"Self-Organizing Ideas: Building Better Rapport for Better Research Interviews"


Hatched by Glasp

Sep 30, 2023

3 min read


"Self-Organizing Ideas: Building Better Rapport for Better Research Interviews"

Self-organization is a fascinating concept that can be applied to various aspects of our lives, including generating ideas and conducting research interviews. While these may seem like unrelated topics, there are common points that connect them naturally. In this article, we will explore how self-organizing ideas and building better rapport can lead to more successful research interviews.

At the core of self-organization is the idea of composition. By combining different elements, we can create something new and innovative. Just like alphabets that follow Gall's Law, simple systems tend to produce complex behaviors, while complex systems often result in stupid behaviors. Therefore, when generating ideas, it is essential to have a simple system in place.

Interestingly, self-organization also occurs when we misunderstand something. Instead of viewing misunderstandings as mistakes, they can be seen as opportunities for new ideas to emerge. When we encounter a concept that we don't fully grasp, our minds naturally try to make sense of it by connecting it to our existing knowledge. This process of composition leads to the emergence of unique ideas and insights.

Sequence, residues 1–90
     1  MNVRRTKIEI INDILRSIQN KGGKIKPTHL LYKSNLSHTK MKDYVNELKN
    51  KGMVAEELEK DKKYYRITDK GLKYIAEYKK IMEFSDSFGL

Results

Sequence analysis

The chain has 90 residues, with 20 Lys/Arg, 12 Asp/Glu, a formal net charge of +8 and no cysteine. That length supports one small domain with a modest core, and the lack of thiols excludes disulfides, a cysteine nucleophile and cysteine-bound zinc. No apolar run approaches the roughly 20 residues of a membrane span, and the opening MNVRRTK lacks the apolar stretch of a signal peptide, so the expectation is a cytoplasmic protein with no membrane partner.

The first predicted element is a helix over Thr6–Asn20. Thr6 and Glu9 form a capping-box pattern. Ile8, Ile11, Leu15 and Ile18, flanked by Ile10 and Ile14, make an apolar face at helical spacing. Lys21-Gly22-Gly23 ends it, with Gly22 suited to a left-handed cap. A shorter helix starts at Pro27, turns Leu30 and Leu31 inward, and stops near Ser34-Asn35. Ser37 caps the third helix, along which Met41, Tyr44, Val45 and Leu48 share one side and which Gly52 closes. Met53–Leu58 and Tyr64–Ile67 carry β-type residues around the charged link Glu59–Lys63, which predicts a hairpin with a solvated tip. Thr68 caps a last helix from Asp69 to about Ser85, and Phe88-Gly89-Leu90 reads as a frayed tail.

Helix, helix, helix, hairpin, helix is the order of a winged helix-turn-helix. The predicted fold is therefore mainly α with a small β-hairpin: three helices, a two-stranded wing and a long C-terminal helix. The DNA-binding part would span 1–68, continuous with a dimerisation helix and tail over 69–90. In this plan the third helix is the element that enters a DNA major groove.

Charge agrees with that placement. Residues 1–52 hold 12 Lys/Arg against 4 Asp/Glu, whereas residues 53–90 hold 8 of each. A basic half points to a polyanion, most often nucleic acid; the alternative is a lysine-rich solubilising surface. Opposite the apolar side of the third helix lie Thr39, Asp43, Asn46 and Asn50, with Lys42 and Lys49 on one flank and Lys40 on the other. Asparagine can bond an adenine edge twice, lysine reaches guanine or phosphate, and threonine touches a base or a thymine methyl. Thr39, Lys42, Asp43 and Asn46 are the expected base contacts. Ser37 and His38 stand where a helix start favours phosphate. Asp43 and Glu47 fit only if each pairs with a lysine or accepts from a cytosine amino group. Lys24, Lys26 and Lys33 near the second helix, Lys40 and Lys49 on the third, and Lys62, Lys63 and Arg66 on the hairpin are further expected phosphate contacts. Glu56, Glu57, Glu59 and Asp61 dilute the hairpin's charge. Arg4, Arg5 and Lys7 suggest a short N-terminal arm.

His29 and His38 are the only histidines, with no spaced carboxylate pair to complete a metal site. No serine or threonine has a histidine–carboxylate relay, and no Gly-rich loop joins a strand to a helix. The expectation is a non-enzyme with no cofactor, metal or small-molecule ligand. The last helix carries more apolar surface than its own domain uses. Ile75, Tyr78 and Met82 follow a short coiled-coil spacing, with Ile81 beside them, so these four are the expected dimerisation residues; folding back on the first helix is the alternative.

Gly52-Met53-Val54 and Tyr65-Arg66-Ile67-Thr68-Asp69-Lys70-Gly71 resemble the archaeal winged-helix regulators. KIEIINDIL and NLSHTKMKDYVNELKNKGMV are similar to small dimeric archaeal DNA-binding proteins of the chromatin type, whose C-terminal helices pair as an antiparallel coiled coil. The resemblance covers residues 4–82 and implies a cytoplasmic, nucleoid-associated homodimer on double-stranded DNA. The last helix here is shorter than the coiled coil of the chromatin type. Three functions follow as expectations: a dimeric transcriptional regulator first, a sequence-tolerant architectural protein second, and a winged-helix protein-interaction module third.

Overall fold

In the context of research interviews, building rapport is crucial for gathering accurate and valuable information. Here are three actionable pieces of advice to help you build better rapport during research interviews:

  • 1. Be a good host: Treat each research meeting as though it were a dinner party, and you are the host. Create a welcoming and comfortable environment for the interviewee, making them feel valued and respected. This will encourage open and honest communication.
  • 2. Figure out the status: Quickly identify the status of the person you are interviewing and set your own status to complement theirs. This can be done through non-verbal cues, such as body language and tone of voice. Matching their status can help establish a sense of equality and trust.
  • 3. Remember the Seesaw Principle: Status is not fixed; it can be influenced and adjusted. By raising your own status, you can lower someone else's and vice versa. However, it is important to use this principle responsibly and ethically. The goal is to create a balanced and respectful dynamic that fosters a productive conversation.

While focusing on building rapport, it is essential to remember that external factors can also affect the quality of the interaction. Distractions, interruptions, or discomfort can hinder the rapport-building process. Therefore, it is important to minimize these external factors as much as possible to create an optimal environment for the interview.

In conclusion, self-organizing ideas and building better rapport are interconnected in their essence. By embracing the concept of composition and allowing ideas to evolve through mutation, heredity, and selection, we can generate self-organizing ideas. Similarly, by implementing actionable strategies to build rapport during research interviews, we can establish a fruitful and productive conversation. Remember to be a good host, understand and adjust status, and focus on the other person as much as the information being gathered. By combining these principles, we can enhance our research interviews and uncover valuable insights.

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